I always wondered why our keepers and teachers talked about Jesus, Mary, and Joseph and all the love they had for mankind, and Jesus being born in poverty and we should try to emulate him and learn to take punishment for our wrongs to pay here on Earth and not later in hell or purgatory. Apparently they didn’t know it was suffering enough to see all that beautiful food being wheeled by and only getting a smell of it. I know they never practised what they preached, not one iota.

Whenever there were visits from the head Catholic cleric in the district or visits from chiefs or members of council from any Indian reserve, they used to make us dress in our best clothing, provide concerts, and they even served us some edible food, beef stew or something. And they treated those northern visitors with good food and everything nice, and of course that chief or counsellor would get up at the end of the concert and speak from the stage facing all 110 children, telling us how lucky we were to be looked after in such a school as St. Therese Residential, and we should be thankful to God and to the administration for such blessings.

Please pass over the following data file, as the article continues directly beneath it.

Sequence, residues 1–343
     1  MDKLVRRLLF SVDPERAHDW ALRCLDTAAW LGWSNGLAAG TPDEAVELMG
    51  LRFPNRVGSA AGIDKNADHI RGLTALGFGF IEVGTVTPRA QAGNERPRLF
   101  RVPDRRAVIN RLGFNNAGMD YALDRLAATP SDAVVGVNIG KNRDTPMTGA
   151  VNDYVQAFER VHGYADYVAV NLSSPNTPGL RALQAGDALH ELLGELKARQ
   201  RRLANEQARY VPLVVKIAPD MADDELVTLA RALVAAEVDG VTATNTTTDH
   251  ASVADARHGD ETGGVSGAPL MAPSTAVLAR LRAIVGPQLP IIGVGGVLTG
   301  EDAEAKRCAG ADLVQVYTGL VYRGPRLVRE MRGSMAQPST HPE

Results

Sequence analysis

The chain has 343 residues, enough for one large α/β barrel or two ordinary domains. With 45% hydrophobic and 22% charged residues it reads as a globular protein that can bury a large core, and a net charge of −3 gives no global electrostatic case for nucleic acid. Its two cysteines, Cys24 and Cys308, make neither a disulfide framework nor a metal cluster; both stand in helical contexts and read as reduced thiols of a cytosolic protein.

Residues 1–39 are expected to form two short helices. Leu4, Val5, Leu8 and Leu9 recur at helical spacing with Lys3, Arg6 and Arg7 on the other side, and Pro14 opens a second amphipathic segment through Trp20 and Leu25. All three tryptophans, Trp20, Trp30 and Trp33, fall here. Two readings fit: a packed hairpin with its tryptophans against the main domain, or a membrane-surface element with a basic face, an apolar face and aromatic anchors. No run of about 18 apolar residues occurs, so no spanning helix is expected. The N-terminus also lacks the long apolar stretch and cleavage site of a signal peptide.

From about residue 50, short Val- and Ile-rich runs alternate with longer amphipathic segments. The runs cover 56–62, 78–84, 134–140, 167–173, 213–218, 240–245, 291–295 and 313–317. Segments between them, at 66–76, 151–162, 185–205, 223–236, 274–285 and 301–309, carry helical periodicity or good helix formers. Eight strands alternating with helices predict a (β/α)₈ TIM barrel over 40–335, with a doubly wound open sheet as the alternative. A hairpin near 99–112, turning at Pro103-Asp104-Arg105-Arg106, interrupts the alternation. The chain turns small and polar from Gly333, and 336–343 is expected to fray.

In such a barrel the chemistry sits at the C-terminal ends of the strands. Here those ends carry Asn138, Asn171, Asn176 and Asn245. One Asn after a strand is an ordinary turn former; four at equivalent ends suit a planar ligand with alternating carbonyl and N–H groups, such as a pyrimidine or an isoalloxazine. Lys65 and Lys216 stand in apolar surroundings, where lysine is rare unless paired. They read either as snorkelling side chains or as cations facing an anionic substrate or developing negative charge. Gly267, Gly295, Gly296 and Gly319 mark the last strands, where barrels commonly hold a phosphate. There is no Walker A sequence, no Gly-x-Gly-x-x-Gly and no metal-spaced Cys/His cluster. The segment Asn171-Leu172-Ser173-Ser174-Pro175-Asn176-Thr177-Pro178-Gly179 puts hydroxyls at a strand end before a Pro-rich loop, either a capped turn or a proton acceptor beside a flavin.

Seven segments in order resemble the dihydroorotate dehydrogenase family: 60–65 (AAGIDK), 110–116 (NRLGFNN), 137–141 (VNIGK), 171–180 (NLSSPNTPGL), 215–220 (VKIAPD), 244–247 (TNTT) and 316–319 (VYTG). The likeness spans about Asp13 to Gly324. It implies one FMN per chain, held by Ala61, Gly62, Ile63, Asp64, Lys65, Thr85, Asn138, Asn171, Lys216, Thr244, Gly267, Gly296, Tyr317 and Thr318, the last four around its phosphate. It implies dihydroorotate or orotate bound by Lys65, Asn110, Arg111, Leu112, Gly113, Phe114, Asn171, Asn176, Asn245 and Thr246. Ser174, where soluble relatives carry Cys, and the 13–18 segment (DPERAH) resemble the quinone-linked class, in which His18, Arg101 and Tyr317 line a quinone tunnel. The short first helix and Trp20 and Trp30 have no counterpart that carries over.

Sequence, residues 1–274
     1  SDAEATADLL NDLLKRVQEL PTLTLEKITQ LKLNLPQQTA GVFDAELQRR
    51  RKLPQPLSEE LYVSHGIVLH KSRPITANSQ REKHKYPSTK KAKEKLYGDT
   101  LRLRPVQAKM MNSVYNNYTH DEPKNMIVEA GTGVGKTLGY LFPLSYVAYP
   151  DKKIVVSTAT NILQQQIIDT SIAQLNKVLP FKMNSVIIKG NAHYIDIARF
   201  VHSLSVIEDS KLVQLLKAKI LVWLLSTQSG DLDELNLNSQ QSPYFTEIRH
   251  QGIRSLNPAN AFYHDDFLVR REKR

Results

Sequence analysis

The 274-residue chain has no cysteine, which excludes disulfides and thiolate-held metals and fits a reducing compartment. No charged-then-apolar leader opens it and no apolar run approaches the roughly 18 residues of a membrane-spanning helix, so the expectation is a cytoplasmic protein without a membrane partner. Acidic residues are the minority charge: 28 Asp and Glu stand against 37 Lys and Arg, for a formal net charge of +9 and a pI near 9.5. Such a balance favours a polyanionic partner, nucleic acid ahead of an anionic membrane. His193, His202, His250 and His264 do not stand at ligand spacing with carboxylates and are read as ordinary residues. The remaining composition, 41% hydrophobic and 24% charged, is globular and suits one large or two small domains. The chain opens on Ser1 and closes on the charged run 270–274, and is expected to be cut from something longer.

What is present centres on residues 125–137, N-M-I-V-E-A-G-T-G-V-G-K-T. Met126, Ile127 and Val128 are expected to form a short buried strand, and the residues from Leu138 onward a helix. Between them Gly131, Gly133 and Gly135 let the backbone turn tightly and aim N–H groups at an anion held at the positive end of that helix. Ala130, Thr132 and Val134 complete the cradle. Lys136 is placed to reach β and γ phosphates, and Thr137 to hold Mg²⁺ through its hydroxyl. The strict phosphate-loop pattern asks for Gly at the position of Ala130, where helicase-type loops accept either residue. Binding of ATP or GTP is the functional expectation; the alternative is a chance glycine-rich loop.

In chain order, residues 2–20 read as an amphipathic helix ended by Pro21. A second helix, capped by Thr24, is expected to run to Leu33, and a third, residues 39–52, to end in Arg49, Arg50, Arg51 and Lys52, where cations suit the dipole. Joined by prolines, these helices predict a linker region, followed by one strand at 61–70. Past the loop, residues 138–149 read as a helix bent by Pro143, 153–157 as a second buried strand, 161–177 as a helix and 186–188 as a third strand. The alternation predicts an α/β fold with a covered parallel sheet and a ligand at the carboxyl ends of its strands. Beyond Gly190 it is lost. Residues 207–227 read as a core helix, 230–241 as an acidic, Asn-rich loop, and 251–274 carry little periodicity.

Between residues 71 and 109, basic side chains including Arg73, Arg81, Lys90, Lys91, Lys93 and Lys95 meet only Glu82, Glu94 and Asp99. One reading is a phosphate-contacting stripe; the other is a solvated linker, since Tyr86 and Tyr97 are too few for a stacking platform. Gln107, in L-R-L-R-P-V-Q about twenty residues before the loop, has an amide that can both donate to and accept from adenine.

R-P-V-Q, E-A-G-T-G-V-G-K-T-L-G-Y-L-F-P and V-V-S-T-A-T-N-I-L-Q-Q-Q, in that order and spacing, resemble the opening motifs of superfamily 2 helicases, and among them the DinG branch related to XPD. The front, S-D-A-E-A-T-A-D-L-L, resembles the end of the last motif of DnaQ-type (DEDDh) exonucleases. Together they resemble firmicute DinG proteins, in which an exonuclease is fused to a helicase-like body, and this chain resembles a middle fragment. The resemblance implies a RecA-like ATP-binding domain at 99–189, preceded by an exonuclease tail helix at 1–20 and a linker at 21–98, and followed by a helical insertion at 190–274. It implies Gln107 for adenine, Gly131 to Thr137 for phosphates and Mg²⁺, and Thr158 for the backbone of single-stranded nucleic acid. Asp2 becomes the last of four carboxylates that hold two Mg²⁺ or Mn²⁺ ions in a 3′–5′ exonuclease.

Oh, God, I used to think, what hypocrisy. Somebody sure pulled the wool over their eyes, because that is how it was meant to look, and it happened time after time.

A new edition of "The Education of Augie Merasty: A Residential School Memoir" is available from University of Regina Press.


(c) 2022, Time